Notice: Atrium is currently undergoing maintenance. During this time, some or all images may not be displayed.

Family: Cyperaceae Juss.

Kingdom: Plantae Rank: Family Parent: Cyperales Status: Valid

Common Names:

  • SEDGE FAMILY - English, United States of America

Morphological Description

Family Recognition in the Field: Grass-like or rush-like herbs with solid internodes, round or often 3-angled culms (“sedges have edges”), and often 3-ranked leaves; many (but not all) species grow in wet habitats; flowers small, inconspicuous, without perianth or perianth reduced to bristles or small scales, subtended by 1 scale-like bract each (or in Carex the female flower enclosed in a sac-like perigynium), and arranged in very reduced spikes/spikelets. The +/- similar Poaceae (GRASSES) have hollow or solid internodes, round culms, 2-ranked leaves usually with a ligule, and flowers subtended by 2 scale-like bracts each (lemma and palea); the +/- similar Juncaceae (RUSHES) have flowers with a small 6-parted perianth.

Diagnosis: Annual or perennial herbs; culms (= stems) triangular (most commonly), flat, round, square, or multi-angular, with smooth nodes and usually pithy or spongy internodes; leaves with tubular basal sheath (often reduced or absent from upper leaves) closed except at summit (but apt to become split by growth of culm), with or without a scaly ring or fringe of hair (ligule) at junction of sheath and blade on upper (inner) side, and a usually elongate blade (leaves all reduced to inconspicuous sheaths in Eleocharis and some Cyperus and Scirpus); inflorescences various (umbellate in Cyperus and Fimbristylis and less distinctly so in some other genera); flowers (often referred to as florets) perfect or unisexual (in Carex and Scleria), each subtended by a single (rarely 2) scale-like bract (these bracts often referred to as floral scales or in this treatment as scales of spikelets or simply scales), without perianth or perianth reduced to bristles or small perianth scales, solitary or in spikelets (= basic unit of inflorescence, consisting of a shortened axis and 1–numerous scale-like bracts, the lowermost of which are often empty); stamens 1–3, with anther attached by one end; pistil 1; fruit an achene, usually trigonous or biconvex.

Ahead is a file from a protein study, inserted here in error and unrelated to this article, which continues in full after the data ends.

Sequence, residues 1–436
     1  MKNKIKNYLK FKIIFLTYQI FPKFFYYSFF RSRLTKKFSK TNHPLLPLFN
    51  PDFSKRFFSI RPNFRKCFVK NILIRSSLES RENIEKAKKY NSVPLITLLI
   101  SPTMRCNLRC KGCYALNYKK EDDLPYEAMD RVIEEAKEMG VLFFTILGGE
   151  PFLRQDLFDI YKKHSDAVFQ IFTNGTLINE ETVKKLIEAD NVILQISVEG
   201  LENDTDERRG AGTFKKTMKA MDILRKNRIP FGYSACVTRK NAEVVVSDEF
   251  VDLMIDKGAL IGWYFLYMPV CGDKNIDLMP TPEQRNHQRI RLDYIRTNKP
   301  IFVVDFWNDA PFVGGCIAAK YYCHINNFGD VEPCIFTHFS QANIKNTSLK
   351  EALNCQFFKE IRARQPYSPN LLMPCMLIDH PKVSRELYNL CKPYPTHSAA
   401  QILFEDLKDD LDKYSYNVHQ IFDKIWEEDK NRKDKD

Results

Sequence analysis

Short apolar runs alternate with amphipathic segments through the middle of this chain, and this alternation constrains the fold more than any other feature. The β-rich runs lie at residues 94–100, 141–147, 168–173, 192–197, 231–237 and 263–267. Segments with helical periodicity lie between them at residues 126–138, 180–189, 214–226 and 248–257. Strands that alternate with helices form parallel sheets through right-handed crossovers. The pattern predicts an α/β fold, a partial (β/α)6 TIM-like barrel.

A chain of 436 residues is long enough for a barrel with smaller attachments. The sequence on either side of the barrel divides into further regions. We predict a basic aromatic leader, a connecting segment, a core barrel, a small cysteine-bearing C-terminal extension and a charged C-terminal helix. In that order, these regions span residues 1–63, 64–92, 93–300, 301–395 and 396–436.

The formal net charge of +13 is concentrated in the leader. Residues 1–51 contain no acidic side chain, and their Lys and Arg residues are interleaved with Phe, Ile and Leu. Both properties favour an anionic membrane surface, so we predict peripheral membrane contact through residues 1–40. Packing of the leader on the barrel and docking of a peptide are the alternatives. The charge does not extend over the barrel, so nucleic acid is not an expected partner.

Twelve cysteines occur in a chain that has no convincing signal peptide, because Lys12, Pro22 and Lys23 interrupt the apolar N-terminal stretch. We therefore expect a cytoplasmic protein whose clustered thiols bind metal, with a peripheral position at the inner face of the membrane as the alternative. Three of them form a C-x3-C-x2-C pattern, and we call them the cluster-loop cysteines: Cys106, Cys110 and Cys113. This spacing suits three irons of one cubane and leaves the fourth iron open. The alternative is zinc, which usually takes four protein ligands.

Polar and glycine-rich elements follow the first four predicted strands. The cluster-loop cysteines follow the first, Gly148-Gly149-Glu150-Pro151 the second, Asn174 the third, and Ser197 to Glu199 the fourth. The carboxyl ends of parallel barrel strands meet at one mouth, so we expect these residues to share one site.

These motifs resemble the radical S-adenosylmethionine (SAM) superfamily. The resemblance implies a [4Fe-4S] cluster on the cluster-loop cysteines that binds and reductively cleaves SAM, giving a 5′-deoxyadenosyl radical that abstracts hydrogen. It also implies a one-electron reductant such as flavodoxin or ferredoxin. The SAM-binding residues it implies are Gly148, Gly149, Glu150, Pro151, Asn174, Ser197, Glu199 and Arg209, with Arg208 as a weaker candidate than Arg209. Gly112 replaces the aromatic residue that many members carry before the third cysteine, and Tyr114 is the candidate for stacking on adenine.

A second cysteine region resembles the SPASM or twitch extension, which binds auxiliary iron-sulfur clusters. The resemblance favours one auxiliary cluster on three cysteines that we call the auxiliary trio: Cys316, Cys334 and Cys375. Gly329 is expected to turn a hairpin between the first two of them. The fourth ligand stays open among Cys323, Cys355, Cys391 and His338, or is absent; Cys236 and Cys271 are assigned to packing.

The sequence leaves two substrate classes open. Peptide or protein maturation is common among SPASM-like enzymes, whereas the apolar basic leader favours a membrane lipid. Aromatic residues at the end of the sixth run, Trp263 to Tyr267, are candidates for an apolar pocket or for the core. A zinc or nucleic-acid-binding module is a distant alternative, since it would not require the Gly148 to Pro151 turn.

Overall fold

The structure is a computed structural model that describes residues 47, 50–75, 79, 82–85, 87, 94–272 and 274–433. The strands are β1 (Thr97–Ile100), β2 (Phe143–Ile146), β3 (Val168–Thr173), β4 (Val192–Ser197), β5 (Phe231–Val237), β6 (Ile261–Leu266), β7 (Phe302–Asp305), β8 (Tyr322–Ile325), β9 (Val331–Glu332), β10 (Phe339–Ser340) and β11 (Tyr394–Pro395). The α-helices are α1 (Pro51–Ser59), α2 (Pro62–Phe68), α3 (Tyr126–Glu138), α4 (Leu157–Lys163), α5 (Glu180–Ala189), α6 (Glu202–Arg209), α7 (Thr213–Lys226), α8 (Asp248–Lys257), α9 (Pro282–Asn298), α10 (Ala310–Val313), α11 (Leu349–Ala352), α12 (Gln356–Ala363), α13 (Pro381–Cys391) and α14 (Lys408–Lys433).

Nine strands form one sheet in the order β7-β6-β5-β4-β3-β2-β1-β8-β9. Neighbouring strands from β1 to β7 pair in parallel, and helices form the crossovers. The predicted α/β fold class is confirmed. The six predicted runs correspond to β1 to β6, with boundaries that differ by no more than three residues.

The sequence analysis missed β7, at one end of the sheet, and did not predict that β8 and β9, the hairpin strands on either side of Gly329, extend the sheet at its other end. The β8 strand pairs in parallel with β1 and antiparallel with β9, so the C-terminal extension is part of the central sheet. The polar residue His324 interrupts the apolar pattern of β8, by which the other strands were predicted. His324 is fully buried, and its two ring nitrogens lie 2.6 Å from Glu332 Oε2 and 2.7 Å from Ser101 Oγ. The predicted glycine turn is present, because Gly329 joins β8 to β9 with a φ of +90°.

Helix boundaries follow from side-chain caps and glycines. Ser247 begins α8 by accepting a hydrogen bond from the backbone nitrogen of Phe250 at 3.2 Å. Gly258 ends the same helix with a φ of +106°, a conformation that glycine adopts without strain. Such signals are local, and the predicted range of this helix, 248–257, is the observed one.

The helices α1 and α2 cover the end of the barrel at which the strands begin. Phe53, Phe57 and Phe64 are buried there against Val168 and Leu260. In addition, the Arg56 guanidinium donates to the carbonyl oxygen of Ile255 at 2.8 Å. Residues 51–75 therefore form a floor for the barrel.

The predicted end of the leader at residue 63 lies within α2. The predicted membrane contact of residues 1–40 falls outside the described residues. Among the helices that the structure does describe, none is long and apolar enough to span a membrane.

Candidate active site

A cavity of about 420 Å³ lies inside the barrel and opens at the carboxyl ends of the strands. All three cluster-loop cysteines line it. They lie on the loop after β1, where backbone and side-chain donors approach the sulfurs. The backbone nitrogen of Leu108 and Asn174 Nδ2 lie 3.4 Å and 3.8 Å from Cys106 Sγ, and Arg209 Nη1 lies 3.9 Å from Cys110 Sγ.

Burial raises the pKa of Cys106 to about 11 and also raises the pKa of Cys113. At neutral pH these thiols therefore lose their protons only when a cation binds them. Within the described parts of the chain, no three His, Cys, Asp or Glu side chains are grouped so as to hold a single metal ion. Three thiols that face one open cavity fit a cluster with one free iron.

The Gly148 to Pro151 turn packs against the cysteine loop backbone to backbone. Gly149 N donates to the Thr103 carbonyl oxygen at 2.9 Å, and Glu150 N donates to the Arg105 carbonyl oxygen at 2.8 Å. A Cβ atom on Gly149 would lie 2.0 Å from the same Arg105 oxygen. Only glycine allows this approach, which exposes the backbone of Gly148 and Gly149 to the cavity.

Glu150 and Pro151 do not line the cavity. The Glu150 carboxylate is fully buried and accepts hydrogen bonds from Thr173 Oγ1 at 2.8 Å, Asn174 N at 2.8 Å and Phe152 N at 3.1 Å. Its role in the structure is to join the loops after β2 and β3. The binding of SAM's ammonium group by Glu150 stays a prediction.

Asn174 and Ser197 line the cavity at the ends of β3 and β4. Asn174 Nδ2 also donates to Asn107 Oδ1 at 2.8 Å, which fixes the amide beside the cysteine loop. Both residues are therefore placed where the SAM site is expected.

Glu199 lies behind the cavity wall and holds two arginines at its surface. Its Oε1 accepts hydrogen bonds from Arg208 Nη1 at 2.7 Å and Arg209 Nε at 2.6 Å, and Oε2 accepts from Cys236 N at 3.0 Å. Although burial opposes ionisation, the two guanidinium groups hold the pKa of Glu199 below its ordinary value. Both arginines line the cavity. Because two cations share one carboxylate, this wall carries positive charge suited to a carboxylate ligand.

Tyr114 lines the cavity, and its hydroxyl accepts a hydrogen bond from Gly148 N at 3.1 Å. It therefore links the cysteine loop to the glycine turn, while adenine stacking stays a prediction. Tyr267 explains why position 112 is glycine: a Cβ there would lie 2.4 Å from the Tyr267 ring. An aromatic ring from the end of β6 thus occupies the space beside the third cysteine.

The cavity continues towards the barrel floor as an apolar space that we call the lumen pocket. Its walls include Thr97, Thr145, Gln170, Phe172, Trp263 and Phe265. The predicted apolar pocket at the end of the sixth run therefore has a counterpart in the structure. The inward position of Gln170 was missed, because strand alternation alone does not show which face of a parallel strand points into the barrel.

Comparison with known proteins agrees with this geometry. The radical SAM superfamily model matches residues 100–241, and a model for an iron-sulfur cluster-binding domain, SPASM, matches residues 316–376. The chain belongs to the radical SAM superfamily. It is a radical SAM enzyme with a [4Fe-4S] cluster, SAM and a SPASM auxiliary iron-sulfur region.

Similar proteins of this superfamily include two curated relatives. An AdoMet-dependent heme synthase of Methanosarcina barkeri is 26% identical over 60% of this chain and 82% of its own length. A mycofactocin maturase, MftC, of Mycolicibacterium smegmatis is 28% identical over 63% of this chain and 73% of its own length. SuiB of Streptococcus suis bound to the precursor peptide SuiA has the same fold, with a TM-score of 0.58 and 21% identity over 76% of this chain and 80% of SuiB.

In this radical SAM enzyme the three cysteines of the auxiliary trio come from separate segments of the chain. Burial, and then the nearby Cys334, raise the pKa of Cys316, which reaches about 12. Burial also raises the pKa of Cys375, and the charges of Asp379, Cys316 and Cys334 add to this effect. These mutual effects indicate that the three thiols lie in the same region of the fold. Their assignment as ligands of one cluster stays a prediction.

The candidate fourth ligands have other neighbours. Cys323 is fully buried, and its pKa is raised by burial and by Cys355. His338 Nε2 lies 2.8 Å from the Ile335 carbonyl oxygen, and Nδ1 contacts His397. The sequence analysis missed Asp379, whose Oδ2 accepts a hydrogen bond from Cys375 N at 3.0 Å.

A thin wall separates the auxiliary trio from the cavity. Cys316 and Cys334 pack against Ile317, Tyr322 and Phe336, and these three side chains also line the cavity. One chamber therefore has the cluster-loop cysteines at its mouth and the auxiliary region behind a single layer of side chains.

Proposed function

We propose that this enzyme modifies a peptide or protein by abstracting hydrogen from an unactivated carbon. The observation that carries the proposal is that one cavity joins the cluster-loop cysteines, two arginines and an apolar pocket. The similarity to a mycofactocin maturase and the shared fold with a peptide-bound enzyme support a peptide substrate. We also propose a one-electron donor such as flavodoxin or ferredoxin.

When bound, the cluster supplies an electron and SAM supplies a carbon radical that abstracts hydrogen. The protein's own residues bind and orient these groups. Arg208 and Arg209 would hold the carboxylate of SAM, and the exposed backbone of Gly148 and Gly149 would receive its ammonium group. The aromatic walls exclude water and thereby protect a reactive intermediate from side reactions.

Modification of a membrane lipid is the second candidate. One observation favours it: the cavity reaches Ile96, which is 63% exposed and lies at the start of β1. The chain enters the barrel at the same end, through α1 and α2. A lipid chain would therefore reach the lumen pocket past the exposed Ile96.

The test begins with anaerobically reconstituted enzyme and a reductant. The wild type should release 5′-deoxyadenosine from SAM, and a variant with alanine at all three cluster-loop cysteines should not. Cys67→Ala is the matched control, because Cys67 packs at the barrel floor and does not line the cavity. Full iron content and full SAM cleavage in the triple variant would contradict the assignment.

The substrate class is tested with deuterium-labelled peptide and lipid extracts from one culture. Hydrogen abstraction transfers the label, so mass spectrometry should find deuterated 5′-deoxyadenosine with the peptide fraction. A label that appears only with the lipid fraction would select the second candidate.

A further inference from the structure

Notes: A large, cosmopolitan (greatest diversity in the tropics but often dominant in cold regions), taxonomically difficult family of herbs, with over 5,000 species in 104 genera (Goetghebeur 1998); ca. 2,000 of the species are in the huge genus Carex. As such, it is the third largest monocot family, following the Orchidaceae and Poaceae. The Cyperaceae, with 248 species (7.3% of the total number of species), is the third largest family in the East TX flora (after Poaceae and Asteraceae). Floral structures are quite reduced in association with wind pollination, resulting in a lack of useful taxonomic characters (Yen & Olmstead 2000). Because of the often similar vegetative parts and reduced reproductive structures, technical characters requiring at least a hand lens frequently have to be used to distinguish species. Cyperaceae species superficially resemble both grasses and rushes, and recent evidence suggests a close relationship between Cyperaceae and Juncaceae (e.g., Simpson 1995; Goetghebeur 1998; Chase et al. 2000; Muasya 2000a; Ball et al. 2002). Phylogenetic analysis indicates that the family is monophyletic (Muasya et al. 2000a). Some molecular data suggest that Juncaceae and Cyperaceae are sister taxa (Chase et al. 1995b; Linder & Kellogg 1995) or even that Cyperaceae may be derived from within Juncaceae, possibly making Juncaceae paraphyletic (Plunkett et al. 1995; Munro & Linder 1998). According to Plunkett et al. (1995), the “progenitor-derivative relationship of Juncaceae and Cyperaceae … reveals an additional example of paraphyletic families which presents a series of taxonomic dilemmas.” A number of similar situations exist (e.g., Brassicaceae and Capparaceae), and if paraphyletic families are disallowed (as favored by many cladists), taxonomists are thus faced with wholesale rearrangement of many long established and easily recognized families—see Appendix 6 for further discussion of these issues. The family is of economic importance as wildlife food, for woodland grazing, or for erosion control; in n temperate parts of the world the plants sometimes replace grasses as forage; in TX in the Hill Country and w part of the state, Carex emoryi L. becomes important for livestock during summer months (S.D. Jones, pers. comm.); also some are problematic weeds. The sedge family (with ca. 32% of its species having C4 photosynthesis) is one of only two monocot families (the other is the Poaceae) with the typical C4 photosynthetic pathway (Soros & Bruhl 2000); this pathway is an adaptation to prevent water loss and is an advantage in arid environments. Phylogenetic analysis indicates that the C4 pathway has arisen independently four times in the Cyperaceae (Soros & Bruhl 2000). (subclass Commelinidae—Cronquist; order Poales—APG II)